Choosing a Lawyer
Avoiding the Pitfalls and Selecting the Right Lawyer for Your Needs
Written by Jeffrey Caminsky, a Michigan Prosecuting Attorney
Most people who need legal help are not trained legal professionals, and may have little real knowledge of the law. This makes finding the right lawyer much like rolling the dice. You can take your chances and hope for the best, but you may not know the result until it is too late to change your mind.
Other lawyers can usually tell if an attorney is sensible and competent, or one step away from disbarment. Unfortunately, investing in a law school education is not a practical way for most people to go about selecting the right lawyer. There are, however, a number of things you can look for to tell if the attorney sitting across the table will be able to help solve whatever problem you may have, or whether you should run away screaming, and never look back:
Regardless of the trade or profession, you usually know when you meet true professionals. They are completely at ease in their environment; they act in a way that seems natural and appropriate; and they exude a quiet confidence. Lawyers are no different, and the professionalism they exhibit should instill a sense of trust in their abilities and judgment. They should be polished and personable, and proud of their accomplishments, but not arrogant or condescending. Their questions should be directed to making you feel at ease, yet thorough enough to convey the sense that they are deadly serious when it comes to your legal business, and will be leaving nothing to chance. Above all, they should be more interested in finding a sensible solution to your particular problem than in finding someone to blame for it.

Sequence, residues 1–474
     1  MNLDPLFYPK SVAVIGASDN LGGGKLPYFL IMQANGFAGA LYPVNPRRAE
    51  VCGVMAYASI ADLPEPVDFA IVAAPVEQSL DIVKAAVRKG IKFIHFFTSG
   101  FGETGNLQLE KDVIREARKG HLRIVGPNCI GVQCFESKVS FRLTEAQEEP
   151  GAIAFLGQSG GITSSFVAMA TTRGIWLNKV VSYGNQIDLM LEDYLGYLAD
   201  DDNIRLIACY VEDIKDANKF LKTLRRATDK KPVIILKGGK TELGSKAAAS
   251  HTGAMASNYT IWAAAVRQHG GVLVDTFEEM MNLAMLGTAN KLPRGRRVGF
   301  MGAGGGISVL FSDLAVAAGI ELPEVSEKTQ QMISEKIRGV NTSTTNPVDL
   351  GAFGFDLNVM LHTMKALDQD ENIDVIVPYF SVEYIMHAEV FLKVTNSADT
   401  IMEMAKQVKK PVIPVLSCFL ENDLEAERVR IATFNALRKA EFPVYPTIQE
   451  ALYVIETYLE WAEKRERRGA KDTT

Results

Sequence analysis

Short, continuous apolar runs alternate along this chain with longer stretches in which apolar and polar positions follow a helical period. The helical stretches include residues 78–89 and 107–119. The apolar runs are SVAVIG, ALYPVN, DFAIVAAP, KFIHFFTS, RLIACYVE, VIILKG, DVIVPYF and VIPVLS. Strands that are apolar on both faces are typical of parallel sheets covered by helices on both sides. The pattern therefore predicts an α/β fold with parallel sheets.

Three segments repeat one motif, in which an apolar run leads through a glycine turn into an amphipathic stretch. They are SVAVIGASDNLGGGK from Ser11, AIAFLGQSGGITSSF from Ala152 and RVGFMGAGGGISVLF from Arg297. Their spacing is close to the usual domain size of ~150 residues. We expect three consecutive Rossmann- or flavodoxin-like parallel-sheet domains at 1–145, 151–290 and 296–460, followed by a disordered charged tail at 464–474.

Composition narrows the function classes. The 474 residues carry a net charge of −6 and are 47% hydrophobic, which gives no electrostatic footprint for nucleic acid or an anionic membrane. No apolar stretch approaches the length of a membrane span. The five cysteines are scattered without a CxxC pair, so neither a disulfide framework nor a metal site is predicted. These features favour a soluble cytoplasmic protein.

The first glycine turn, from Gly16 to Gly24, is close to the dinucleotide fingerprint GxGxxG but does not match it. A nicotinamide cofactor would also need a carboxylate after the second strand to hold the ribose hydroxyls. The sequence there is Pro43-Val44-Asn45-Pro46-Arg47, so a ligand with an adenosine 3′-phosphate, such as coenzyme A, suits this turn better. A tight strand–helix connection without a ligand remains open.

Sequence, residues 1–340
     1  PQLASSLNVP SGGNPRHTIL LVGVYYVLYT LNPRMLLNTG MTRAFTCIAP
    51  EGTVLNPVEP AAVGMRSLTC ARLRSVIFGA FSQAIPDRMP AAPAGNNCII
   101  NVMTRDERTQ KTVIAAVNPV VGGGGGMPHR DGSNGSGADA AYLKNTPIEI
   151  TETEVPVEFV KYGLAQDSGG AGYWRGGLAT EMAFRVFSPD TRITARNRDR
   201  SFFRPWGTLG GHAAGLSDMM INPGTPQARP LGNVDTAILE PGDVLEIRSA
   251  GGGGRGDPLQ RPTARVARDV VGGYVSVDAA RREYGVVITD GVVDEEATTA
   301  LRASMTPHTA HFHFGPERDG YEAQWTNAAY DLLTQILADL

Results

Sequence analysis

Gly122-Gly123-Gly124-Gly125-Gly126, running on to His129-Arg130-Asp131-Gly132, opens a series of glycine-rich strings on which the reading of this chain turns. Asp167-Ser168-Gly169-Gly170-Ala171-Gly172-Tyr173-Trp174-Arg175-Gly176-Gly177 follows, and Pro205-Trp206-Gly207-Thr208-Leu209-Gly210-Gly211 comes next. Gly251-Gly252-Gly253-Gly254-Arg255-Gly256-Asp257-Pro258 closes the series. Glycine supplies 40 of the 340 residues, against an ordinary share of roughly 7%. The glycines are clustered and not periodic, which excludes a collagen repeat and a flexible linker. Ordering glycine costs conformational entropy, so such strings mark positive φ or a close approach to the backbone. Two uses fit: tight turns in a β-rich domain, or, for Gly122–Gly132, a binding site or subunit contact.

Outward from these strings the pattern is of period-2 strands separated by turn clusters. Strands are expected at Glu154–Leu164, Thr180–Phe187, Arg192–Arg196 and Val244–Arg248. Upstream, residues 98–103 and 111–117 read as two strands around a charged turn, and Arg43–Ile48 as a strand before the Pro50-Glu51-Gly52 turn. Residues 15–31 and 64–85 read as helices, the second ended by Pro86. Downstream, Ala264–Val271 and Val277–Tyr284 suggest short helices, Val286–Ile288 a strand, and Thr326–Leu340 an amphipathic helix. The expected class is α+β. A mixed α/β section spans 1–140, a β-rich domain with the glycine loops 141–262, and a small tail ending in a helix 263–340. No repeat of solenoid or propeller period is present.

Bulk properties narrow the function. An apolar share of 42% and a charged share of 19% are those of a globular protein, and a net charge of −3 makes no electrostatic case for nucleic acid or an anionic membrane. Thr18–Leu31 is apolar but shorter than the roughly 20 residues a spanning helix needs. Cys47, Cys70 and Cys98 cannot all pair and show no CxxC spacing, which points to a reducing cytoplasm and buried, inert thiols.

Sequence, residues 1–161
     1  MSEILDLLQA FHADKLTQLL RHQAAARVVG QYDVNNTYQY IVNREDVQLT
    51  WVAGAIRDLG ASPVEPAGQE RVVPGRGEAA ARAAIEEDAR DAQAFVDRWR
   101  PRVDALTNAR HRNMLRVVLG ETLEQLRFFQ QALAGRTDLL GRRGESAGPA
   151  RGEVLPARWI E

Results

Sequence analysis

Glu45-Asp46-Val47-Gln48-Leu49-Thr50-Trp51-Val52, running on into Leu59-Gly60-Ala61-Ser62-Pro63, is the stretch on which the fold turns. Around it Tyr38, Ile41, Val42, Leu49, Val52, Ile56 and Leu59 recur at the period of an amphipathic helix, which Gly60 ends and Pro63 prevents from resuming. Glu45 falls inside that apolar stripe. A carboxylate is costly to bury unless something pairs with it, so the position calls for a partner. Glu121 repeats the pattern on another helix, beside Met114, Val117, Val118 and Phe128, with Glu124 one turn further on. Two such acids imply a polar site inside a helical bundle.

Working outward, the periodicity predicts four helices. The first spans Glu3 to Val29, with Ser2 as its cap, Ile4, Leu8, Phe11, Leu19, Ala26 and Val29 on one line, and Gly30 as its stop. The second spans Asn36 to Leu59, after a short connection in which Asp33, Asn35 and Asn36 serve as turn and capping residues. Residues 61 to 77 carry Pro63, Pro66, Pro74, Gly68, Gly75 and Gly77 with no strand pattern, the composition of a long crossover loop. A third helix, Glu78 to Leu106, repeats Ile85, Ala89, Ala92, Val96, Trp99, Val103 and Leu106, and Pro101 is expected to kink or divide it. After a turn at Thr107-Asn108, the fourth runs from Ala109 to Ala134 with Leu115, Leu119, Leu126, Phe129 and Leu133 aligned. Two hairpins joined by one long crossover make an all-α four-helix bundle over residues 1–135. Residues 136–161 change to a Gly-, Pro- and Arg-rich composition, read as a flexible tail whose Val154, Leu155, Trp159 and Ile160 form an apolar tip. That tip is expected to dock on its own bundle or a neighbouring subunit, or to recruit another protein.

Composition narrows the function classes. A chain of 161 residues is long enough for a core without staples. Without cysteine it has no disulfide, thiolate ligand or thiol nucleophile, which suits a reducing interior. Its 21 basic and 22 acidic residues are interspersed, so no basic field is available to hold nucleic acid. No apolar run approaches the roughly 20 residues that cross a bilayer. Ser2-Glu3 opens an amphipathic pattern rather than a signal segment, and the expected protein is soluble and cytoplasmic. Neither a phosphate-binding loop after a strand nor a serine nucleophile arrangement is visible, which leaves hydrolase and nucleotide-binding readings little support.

Part of every lawyer’s job is communicating-either explaining options and risks to the client, or persuading a judge or adversary of the merits of a case. They should be well-spoken, and willing to communicate effectively on your level. Lawyers who hide behind legal jargon may be quite competent, but they may also be hiding their incompetence behind a lot of words that non-lawyers and other normal people would never use in ordinary conversation. If a lawyer cannot explain legal concepts to you in language that you can readily understand, it is likely that he does not understand it very well, himself. Lawyers often need to use jargon in court, when dealing with judges or other lawyers; there is rarely a need to do so with a client.
Besides being professional and articulate, be sure to pick a lawyer with experience in the field for which you need the help. Some states have specialty certification programs; others do not. But unless your problem is routine paper-processing, an attorney who lacks experience in the field will have a poor feel for the nuances and subtleties of a problem, and may cause avoidable complications while trying to resolve things to your satisfaction. A brilliant securities lawyer is likely to founder if called upon to defend a murder case; by contrast, the best courtroom defense lawyer is likely to be lost if called upon to handle a tax matter in front of the IRS.